Politicians have a knack for banning things, making them illegal.
Many of those things are deemed “dangerous” and laws are written in the name of “safety.” For some reason, they believe words on paper, coupled with extortion (fines) will keep people from taking risks that could cause some type of bodily harm.
But the punishments doled out for these illegal things are not equal.
Let’s compare two things. One is an explosive device; the other is a plant.
Certain types of fireworks, those that explode or leave the ground, and cannabis are both illegal in North Carolina. Both are reasonably easy to purchase. However, while the possession of illegal fireworks is a misdemeanor and may result in short jail stay a modest fine, the possession of certain amounts of vegetation can land you behind bars for years with a felony conviction, causing you to lose the rights* to vote and own or possess a firearm.
(*If someone can take away your “right” to do something, is it really a right or just a privilege?)
We would argue that cannabis is less dangerous than are fireworks.
An individual smoking a joint in the comfort of his or her own living room isn’t doing damage to anyone else’s person or property.
Conversely, people setting off Roman candles could potentially start a fire or severely harm themselves or someone else. The noise alone, with fireworks going off in the wee hours of the night, interferes with neighbors’ need for sleep, frightens pets that may run away and possibly die, and triggers reactions in those with post-traumatic stress disorder or just bad nerves.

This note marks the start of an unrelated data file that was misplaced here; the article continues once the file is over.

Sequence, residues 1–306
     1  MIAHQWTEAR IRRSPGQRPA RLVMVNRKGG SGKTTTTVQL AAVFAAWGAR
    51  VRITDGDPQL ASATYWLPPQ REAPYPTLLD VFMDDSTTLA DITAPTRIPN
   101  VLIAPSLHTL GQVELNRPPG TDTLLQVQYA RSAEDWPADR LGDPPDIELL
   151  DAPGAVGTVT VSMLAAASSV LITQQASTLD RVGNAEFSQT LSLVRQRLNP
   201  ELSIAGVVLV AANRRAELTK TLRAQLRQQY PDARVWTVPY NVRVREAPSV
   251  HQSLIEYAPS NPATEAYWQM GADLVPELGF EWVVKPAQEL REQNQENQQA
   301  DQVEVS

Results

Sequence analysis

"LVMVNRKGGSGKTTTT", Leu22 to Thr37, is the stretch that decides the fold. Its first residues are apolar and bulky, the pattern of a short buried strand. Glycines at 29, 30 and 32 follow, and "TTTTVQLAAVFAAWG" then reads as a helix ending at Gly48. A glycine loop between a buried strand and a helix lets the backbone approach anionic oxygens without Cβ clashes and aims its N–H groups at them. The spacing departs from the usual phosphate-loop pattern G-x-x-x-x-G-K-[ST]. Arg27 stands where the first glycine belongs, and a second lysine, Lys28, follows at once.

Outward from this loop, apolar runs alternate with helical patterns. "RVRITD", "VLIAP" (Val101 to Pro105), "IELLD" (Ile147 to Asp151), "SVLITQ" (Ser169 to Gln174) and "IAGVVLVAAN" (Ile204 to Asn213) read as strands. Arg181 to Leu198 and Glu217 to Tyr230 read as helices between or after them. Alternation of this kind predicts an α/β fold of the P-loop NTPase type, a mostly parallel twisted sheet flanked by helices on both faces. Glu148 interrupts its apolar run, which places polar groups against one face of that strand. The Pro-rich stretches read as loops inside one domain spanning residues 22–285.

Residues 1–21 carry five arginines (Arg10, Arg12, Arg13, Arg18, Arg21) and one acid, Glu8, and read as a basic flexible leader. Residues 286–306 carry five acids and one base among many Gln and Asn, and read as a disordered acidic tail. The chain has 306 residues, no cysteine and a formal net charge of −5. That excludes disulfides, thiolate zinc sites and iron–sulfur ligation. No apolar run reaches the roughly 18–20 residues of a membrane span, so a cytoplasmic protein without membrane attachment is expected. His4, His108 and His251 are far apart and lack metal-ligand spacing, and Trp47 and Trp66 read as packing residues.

Whenever the public cries out against marijuana prohibition, officers of the law drag out the tired old line, “We may not agree with it, but it’s still the law and we have to enforce it.”
Despite this, the state’s fireworks laws seem less enforced.
You don’t see ATF checkpoints near the South Carolina border for bootleg bottle rockets. (Crossing state lines would make it a federal matter.) SWAT teams aren’t kicking down doors searching for unlawful mortars. Confidential informants aren’t involved in undercover operations to purchase firecrackers.
Hamlet Police Capt. Marc Terry gave a reasonable explanation when he said enforcement of illegal fireworks is tough because, despite complaints being made, offenders would have to be caught in the act, even if the evidence is clearly visible.
But drug warrants have been issued and raids conducted — and some people and pets injured or killed — by evidence (even if it turns out being completely unrelated to drug activity) being found in someone’s garbage or by someone else’s word.
Don’t get us wrong — we’re not in favor of stricter enforcement of fireworks laws. In fact, just the opposite.
We believe the people of this state should be able to possess any type of fireworks, as well as any amount of cannabis, as they please. We also feel that the mere idea of outlawing nature is absurd.
The only time they should face punishment and lose their liberty is if, through neglectful use of these things, they cause harm to others.
To the politicians: Embrace and encourage freedom — and stop banning things.